Wednesday, September 6, 2006
2006 NFL Preview: San Diego Chargers
In the eyes of many, the San Diego Chargers were one of the best teams to never make the playoffs last year. But with a leaky secondary and incessant implementation failures, the Chargers have nobody to blame but themselves. The offense is now under the guidance of Philip Rivers, but the Chargers can't expect to contend with him in his first starting season.
What We Learned From Last Year
The Chargers looked like such a strong team in the early going last season, but their secondary was really their downfall. They held a fourth-quarter lead in each of their four losses, going into the final frame with the ahead on the scoreboard in three of those losses, but failed to hold on.
The front seven, led by veteran and Pro Bowl nose tackle Jamal Williams, was outstanding. Opposing offenses found little room to run against the stingiest run defense in the NFL, which allowed only 84.3 yards on the ground per game.
Rookie of the year to be Shawne Merriman joined a linebacking corps that already boasted solid veterans Donnie Edwards and Randall Godfrey in the middle, and burgeoning prospect Ben Leber on the outside. "Lights Out" was exactly that, provide a spark on several occasions, along with 57 tackles and 10 sacks.
Up front, the Chargers other first-round pick, Luis Castillo, also played at a high level.
But the main weakness was the secondary.
The grouping was littered with high draft picks, such as first-rounders Quentin Jammer, Jamar Fletcher, and Sammy Davis, but Jammer was the only decent player. He was still beat on several occasions — almost at will of the opposing quarterback. Drayton Florence was also mediocre for a group that was better in run support, than pass defense. The cornerbacks, as a whole, only totaled three interceptions. Furthermore, they had no excuses because the Chargers pass rush was extremely potent with 46 sacks.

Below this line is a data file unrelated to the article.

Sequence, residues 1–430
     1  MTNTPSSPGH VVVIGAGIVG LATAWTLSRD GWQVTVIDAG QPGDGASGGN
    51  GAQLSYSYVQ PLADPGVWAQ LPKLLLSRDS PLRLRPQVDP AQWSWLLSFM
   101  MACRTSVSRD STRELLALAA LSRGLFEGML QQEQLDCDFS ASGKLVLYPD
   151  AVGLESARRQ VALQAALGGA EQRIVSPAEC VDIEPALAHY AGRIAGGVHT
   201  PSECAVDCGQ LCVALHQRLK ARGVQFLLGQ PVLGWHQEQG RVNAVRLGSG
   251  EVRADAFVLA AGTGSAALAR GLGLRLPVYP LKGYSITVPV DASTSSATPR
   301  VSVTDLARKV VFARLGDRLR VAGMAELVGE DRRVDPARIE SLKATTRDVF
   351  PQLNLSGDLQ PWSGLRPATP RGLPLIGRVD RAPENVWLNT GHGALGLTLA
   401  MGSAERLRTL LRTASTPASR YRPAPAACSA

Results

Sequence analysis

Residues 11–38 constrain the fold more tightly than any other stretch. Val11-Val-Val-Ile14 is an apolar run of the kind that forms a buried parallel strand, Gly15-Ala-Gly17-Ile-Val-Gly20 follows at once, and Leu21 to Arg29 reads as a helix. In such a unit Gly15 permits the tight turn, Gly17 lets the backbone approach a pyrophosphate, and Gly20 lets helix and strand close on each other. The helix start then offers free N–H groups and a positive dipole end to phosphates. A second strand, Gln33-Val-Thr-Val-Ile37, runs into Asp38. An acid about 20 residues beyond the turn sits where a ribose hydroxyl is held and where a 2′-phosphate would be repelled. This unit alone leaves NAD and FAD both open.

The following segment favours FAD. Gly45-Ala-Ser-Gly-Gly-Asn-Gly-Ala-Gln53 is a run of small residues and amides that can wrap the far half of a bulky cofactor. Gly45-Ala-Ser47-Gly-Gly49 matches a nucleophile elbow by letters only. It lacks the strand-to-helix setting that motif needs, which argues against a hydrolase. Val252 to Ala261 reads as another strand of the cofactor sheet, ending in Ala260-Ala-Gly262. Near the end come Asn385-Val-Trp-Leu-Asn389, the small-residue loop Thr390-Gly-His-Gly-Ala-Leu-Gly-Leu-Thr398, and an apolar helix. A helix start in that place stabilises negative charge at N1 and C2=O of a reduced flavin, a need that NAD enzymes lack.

The same can be said for the safeties, as Bhawoh Jue, Terrence Kiel, and Clinton Hart gave up a lot of yards in the passing game.
On offense, the Chargers were still a potent bunch, but were not as strong as they slipped from the third scoring offense in 2004 to the sixth scoring offense in 2005.
Drew Brees also wasn't as sharp last year as his breakout season in 2004. That year, he totaled 27 touchdowns versus only seven interceptions, compared to the 24 touchdowns and 15 interceptions he threw last year.
A big reason for the slip was the declining play of the offensive line. The Chargers lost offensive line coach Hudson Houck to the Miami Dolphins in the offseason and his departure was felt. With him, the Chargers allowed only 21 sacks in 2004 (fourth-best in NFL) and without him, Brees felt much more pressure as the line permitted 31 sacks (14th-best in NFL).
A combination of an arduous schedule and shaky play from the offensive line was really the difference between the offenses that the Chargers fielded in the previous two seasons.
LaDainian Tomlinson was still strong as ever, again handling 339 carries and posting a career-best 18 rushing touchdowns.
The third deadly weapon of the offense was Antonio Gates and he too set new career benchmarks for receptions and yards.
Without Drew Brees, the Chargers will take another step back offensively because Philip Rivers has not gotten his feet wet as an NFL starter yet. But the franchise believes in him and he has been a winner at every level of football throughout his career. This will be a developmental season and the Chargers' success is contingent on Rivers leading this team and making minimal mistakes.
The Chargers have failed to make the playoffs in nine of the last 10 seasons and they don't look to have the poise to end the drought this year.
While they do return a winning team that likely would have ventured into the postseason last year had they not faced an extremely difficult schedule, there is going to be a big drop-off in play at the quarterback position.
Rivers is a proven winner — he led NC State to four bowl games and three wins — and it is only a matter of time before he is a very good NFL starter. But the bottom line is that right now the Chargers will have to endure a level of inconsistency.
Situations like the one that the Steelers went through, where rookie Ben Roethlisberger led them to a 15-1 record and an AFC Championship appearance, are very rare. They should rather expect — and hope for — a season similar to Carson Palmer's first full year of starting in 2004, when the Bengals were 8-8 and Palmer finished the season by establishing himself as a premier quarterback.